|WikiProject Writing systems||(Rated Start-class, Mid-importance)|
Looks like an alphabet to me; the ligatures don't seem especially complex. But whether it's psychologically treated as an alphabet or an abugida by its speakers is another matter, I suppose... - Mustafaa 10:39, 15 Dec 2004 (UTC)
All the charts I've seen set out the Mandaic alphabet as an abugida. However, just as you say, the vowels do stand as independent letters. I have a feeling that a final consonant is considered to have a short a-vowel before it, and that this is unmarked. However, I do not have enough information to be sure about it. Mandaic certainly does look almost as alphabetic as English. If the Greeks managed to turn an abjad into an alphabet, I'm sure it can happen elsewhere. The interesting thing is that an abjad might be inappropriate for writing Greek, and hence the change to alphabetic writing, but Mandaic is still a Semitic language. Perhaps the influence of Persian on Mandaic demanded a more complete transcription of vowels.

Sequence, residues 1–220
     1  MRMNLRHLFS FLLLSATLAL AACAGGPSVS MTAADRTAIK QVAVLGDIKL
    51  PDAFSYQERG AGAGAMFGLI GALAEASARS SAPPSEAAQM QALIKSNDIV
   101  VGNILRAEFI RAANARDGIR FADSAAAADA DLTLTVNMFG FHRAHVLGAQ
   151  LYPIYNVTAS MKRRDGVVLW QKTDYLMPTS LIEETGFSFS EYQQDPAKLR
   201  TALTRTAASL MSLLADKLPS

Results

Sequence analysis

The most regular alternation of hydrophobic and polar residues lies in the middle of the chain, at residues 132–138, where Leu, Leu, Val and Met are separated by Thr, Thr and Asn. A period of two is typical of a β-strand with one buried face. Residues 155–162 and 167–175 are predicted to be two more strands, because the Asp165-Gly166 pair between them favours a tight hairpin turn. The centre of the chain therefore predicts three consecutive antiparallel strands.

- Gareth Hughes 13:13, 15 Dec 2004 (UTC)
Vowel Letters vs. Matres Lectiones
I've got an article on this topic coming out in a future issue of the Bulletin of the American Schools of Oriental Research. I make the argument that the Mandaic script, and some other scripts from the region, developed under the influence of the Parthian chancery script, and that Mandaic imported the Parthian orthography, complete with vowel letters.
The major distinction between Parthian (and Mandaic) vowel letters and the matres lectiones found in most Aramaic scripts is that the vowel letters are, first and foremost, vowels, not consonants; matres lectiones are consonants that are occasionally (and inconsistently) employed to indicate the presence of a vowel. The Mandaic letters i and u are also used to indicate the semivowels /j/ and /w/, just like the analogous Greek letters. For this reason, the Mandaic script should not be considered an abjad.
Leo Caesius 23:30, 1 December 2005 (UTC)
The diagram of the alphabet is positioned so that it covers some text. This problem with pictures occurs in many other articles as well. Any way to fix this? Musicguyguy (talk) 05:16, 27 May 2010 (UTC)